Contact: Mike Myslinski, CTA; 408-921-5769 (cell); firstname.lastname@example.org
UNION CITY – Bay Area public schools are at a darkening crossroads after years of devastating cuts and pink slips and can’t survive without adequate funding, while the governor’s proposed budget could make matters worse, local Education Coalition members warned today at a news conference in one decimated school district in Alameda County.
California schools and community colleges have been hit by more than $20 billion in funding cuts and deferrals the past four years. Facing an estimated budget shortfall of $10.7 million next fiscal year, the New Haven Unified School District issued precautionary layoff notices to more than 100 teachers, classified employees and administrators earlier this month and is facing closing libraries and cutting art and music classes. Since 2008, the district has already reduced its classified staff by 13 percent, the teaching staff by 14 percent and the administrative staff by 23 percent. Dozens of Bay Area districts have issued hundreds and hundreds of teacher pink slips as the annual March 15 deadline looms, and thousands more are going out across the state.
“We must find significant new revenues to return our economy and school system to the top rankings they once enjoyed,” said New Haven Unified Superintendent Kari McVeigh. “New Haven has already made $15 million in cuts over the past four years. Making nearly $11 million more in reductions will be devastating for our students and community.”
Finding new revenues is critical. The state ranks 47th in per-pupil funding, and at the bottom in the ratios of students per principal (46th), per teacher (47th), per counselor (49th), and per school librarian (50th). Class sizes are soaring.
Laying off thousands of teachers in the Bay Area and statewide will hurt a generation of students, said Terri Jackson, a member of the California Teachers Association’s Board of Directors and a teacher in West Contra Costa Unified, which issued more than 53 pink slips for educators. “Every teacher we lay off breaks a bond with students and parents. We have the ninth-largest economy in the world. We must protect what staff and resources we have left and invest more in our neighborhood schools, or we jeopardize the future of our state.”
Districts are laying off thousands of classified support staff at their own peril, since these maintenance, security, clerical and other workers are critical to the operation of every district, said Allan Clark, president of the California School Employees Association. “We appreciate the governor heeding our calls to restore current-year school transportation funds, but more education cuts loom next year. Our local schools are already seriously understaffed, so we have to find a way to prevent more cuts.”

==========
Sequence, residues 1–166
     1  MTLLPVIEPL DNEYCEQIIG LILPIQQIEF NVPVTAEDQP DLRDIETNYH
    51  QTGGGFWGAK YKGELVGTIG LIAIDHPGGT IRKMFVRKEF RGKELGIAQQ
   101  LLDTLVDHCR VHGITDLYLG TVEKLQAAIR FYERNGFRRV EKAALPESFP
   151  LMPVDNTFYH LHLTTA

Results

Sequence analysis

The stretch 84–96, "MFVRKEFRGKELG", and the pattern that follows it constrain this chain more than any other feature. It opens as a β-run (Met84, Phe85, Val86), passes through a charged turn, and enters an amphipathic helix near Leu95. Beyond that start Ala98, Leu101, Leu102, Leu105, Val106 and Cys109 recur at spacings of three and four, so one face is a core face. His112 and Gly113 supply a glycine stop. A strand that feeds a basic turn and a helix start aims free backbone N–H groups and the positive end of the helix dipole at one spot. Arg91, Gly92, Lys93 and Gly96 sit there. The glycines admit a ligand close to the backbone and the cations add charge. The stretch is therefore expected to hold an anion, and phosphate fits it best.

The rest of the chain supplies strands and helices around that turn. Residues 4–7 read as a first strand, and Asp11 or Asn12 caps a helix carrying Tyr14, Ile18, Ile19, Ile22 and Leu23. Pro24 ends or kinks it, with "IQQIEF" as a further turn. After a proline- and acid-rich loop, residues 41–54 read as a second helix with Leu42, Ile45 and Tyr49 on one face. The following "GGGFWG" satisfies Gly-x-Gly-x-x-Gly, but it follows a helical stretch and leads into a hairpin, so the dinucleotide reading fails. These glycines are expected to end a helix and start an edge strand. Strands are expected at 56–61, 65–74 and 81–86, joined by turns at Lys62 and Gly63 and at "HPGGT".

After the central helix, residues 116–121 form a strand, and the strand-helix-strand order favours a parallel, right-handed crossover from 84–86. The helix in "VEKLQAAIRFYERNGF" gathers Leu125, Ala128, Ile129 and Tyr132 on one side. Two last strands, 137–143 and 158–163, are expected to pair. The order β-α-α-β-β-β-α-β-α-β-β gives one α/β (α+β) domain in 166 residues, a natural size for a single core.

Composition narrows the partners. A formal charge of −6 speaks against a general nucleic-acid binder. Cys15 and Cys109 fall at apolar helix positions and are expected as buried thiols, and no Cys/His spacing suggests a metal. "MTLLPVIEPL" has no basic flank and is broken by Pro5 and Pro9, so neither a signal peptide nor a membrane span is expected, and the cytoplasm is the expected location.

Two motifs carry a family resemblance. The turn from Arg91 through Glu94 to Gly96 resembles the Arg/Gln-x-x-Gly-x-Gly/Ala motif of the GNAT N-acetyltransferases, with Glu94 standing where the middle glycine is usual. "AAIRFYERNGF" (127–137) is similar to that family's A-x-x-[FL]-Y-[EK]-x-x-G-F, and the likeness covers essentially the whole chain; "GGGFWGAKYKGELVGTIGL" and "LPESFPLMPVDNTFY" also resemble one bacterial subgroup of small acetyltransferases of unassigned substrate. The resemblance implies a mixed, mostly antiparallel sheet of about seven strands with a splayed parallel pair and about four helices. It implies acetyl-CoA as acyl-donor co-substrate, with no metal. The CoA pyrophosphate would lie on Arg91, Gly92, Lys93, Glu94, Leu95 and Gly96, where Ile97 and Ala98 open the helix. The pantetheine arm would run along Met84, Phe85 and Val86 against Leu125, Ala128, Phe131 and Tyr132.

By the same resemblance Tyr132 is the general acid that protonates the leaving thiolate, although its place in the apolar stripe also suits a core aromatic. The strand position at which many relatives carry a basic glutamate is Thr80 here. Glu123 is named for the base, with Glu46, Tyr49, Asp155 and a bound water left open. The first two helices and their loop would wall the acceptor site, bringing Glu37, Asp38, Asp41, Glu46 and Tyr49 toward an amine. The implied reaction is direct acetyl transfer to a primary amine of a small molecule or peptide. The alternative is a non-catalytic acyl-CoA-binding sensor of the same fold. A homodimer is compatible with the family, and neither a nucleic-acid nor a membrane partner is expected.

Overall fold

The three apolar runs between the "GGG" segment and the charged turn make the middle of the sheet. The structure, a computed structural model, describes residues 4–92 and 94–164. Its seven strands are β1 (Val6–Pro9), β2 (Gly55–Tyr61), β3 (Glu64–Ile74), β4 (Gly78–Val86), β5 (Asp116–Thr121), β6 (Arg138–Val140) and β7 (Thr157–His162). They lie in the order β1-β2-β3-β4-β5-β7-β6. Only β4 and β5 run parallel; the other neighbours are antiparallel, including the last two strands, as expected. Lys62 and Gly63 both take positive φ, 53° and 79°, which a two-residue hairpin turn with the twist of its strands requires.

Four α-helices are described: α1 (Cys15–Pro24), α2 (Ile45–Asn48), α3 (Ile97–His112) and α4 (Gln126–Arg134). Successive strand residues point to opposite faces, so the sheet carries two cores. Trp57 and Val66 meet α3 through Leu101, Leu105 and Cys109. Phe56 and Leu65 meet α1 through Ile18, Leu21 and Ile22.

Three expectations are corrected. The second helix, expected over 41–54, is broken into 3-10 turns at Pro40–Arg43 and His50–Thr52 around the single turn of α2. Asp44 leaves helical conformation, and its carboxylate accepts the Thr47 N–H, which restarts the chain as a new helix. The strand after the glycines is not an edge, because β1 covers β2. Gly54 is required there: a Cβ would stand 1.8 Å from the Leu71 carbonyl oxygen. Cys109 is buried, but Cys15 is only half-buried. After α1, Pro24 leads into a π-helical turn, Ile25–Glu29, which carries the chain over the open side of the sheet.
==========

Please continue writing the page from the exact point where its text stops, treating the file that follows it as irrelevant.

The governor’s budget proposal uses unacceptable “triggers” for cuts for the second year in a row, opening the door for mid-year cuts next fiscal year that make it very hard for school districts to plan their budgets, said Jill Wynns, president of the California School Boards Association and a member of the San Francisco Unified school board. Her district recently issued more than 500 precautionary layoff notices for educators and support staff.
“The Education Coalition opposes the disproportionate $4.8 billion in trigger reductions to our schools and community colleges that would kick in if the governor’s November tax initiative fails,” Wynns said. “Our schools would suffer 90 percent of the $5.4 billion in total trigger cuts, and that’s unthinkable.”
The trigger of $4.8 billion in education cuts would be equivalent to another 55,000 teacher layoffs, or 120,000 classified employee layoffs, or reducing the school year by 17 days, the Education Coalition is warning.
Speakers agreed today that the integrity of Proposition 98, the voter-approved minimum funding guarantee for schools, must be preserved in state budget deliberations. The Education Coalition opposes the governor’s inclusion of $2.4 billion of debt service payments in the Prop. 98 funding guarantee as both inappropriate and unconstitutional.
“The governor’s budget proposal is unacceptable to parents across California,” said California State PTA officer Susan Nathan of Fremont, president of the Peralta PTA District covering Alameda County. “Parents are willing to stand and fight for more revenues to prevent more cuts to our schools. Families can’t take seeing their children lose more academic resources.”
If New Haven Unified fails to pass its local Measure H parcel tax on June 5 to help ease some district cuts, the financially strapped district “will have much of its quality education programs wiped out by state cuts,” said Charmaine Banther, president of the New Haven Teachers Association.
“Much of what teachers, parents and this community have worked to build up the past 30 years – the magic and the promise of our schools – will be gone when students return to their classrooms in the fall,” Banther said. “Slashing music, art and science classes and raising class sizes will hurt the children here for years to come.”
The California Education Coalition represents more than 2.5 million educators, parents, administrators, school board members, school employees and other education advocates in California.